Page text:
So, underneath all of these plans for our superinsulated house, is
really just the desire to reduce our “footprint”/our use of fossil fuels as much as
possible AND to do so while spending the least amount of bucks to do so.
(Eliminate would be nice, but I know this is not completely possible.)
The most promising things to do house-wise on this front seems to be:
1. insulate/seal like crazy, use air-source heat pump for heat
2. solar heating for domestic hot water (showers, laundry, etc)
3. low-mass, thermally isolated sunspaces (or vertical air heaters) for daytime heat, maybe some ceiling mass to extend heat to eves a bit
4. storage in water (since it stores 3 times more per weight than concrete) for purpose of…
– replacing #4 (solar hot water heating)
– heat for cloudy days (5 days would be 97% solar heated if “cloudy days are like coin-flips”)
5. grid-tied solar PVs to offset appliance use (and also try to conserve w/ CFLs, turning stuff off, etc)
6. some passive solar tempering thru south windows
#3 and 4 has many supporters. Norman Saunders, Nick Pine, Gary Reysa, Laren Corie,
and I suppose the list goes on and on. It seems to work — 97% solar heated even in New England!
The only question seems to be when it is most cost effective and best at reducing fossil-fuel use
to do #1 and 2 (Passive House, with electric backup) or #3 and 4 (Active Solar).
My sense is that with retrofits, it is more obvious that #3 and 4 (solar) are going to have an edge, money wise, since “deep energy retrofits” seem to be quite expensive and complicated. And perhaps with new construction, #1 and 2 (passivhaus). I mean, it doesn’t have to be a complete either/or decision. With existing homes, it probably makes most sense to do quite a bit of the easy envelope fixes (sealing up with foam and extra insulation in the walls and attic) but after some point, it’s time to add solar air heating, solar hot water heating, and/or solar PVs for appliance use.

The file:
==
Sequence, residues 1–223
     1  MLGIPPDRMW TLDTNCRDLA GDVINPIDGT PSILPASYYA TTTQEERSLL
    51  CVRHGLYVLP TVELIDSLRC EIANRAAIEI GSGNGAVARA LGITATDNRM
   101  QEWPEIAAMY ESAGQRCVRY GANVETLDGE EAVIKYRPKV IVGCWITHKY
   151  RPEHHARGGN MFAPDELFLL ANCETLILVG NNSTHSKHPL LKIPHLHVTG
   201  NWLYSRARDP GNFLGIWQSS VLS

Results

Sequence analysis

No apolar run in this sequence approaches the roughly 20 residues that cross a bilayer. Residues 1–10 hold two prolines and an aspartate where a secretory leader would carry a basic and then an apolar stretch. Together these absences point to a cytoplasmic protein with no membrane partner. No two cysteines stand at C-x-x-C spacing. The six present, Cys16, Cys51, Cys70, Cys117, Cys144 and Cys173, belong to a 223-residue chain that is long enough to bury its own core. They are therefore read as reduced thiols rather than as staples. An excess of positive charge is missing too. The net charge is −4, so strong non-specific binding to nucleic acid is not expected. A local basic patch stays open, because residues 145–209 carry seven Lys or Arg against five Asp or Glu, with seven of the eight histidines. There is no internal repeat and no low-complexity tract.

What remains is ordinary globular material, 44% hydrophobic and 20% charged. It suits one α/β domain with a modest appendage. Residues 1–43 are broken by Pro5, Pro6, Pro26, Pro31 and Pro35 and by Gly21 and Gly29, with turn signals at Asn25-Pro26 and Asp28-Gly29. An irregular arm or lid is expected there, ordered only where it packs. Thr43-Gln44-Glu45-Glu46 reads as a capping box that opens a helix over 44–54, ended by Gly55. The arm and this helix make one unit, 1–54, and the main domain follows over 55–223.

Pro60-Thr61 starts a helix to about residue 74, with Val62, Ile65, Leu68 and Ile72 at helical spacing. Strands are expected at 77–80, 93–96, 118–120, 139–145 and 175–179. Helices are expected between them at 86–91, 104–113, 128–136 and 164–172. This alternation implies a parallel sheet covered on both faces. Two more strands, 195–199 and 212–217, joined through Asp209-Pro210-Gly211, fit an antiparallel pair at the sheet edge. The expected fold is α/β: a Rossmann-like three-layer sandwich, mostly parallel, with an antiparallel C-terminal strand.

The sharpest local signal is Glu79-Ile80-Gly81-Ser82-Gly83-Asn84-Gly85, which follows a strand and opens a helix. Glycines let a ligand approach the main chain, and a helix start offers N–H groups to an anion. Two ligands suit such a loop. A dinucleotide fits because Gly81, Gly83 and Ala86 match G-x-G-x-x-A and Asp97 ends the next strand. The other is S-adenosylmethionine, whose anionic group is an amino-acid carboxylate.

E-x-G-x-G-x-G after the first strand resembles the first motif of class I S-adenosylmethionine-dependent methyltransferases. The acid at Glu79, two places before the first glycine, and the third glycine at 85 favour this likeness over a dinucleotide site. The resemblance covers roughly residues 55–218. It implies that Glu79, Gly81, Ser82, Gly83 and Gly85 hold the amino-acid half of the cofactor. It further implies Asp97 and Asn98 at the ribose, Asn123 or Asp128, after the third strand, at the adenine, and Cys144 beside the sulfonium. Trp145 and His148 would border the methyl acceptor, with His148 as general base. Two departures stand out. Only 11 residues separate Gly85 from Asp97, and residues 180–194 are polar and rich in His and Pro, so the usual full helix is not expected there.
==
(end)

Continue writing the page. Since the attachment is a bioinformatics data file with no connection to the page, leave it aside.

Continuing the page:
And of course, the house is only one part of the equation…
7. it would be good to not drive a car (or less, or electric/hybrid)
8. it would be good to be vegetarian (i’m not at the moment)
9. it would be good to have a vegetable garden and/or local CSA
10. other lifestyle things… working at home vs commuting, flying in planes, composting food waste, composting toilets, water use, the food we buy, the junk we buy, clothesline, etc, etc, etc.
That first one (#7) in particular is an easy one since it doesn’t require major
lifestyle changes, just a prius. If one already needs a new car, it’s sort of
a no brainer that it should be a prius (at least from the number crunching I’ve
done). BTUs payoff (as with solar PV panels) is quicker than $$ payoff. Basically
this is because we are not paying the full cost to our society for the price of fossil
But back to the top list (#1-6). What if doing a passive house was $20k cheaper than active-solar?
If that meant one could then afford to buy a Prius, or replace one’s current car with a Plug-in
hybrid, then despite the extra fossil-fuel use in the home (to heat with a little bit of electricity)
one would then be saving HUGE BTUs on the car side of things.
Granted, a car will not last as long as passive house (“forever”) or active solar (30 years?) so it’s
less clearly a win vs these two. But this illustrates the basic point that one has to think holistically,
across one’s entire activities. Not just house. Anyway tricky stuff.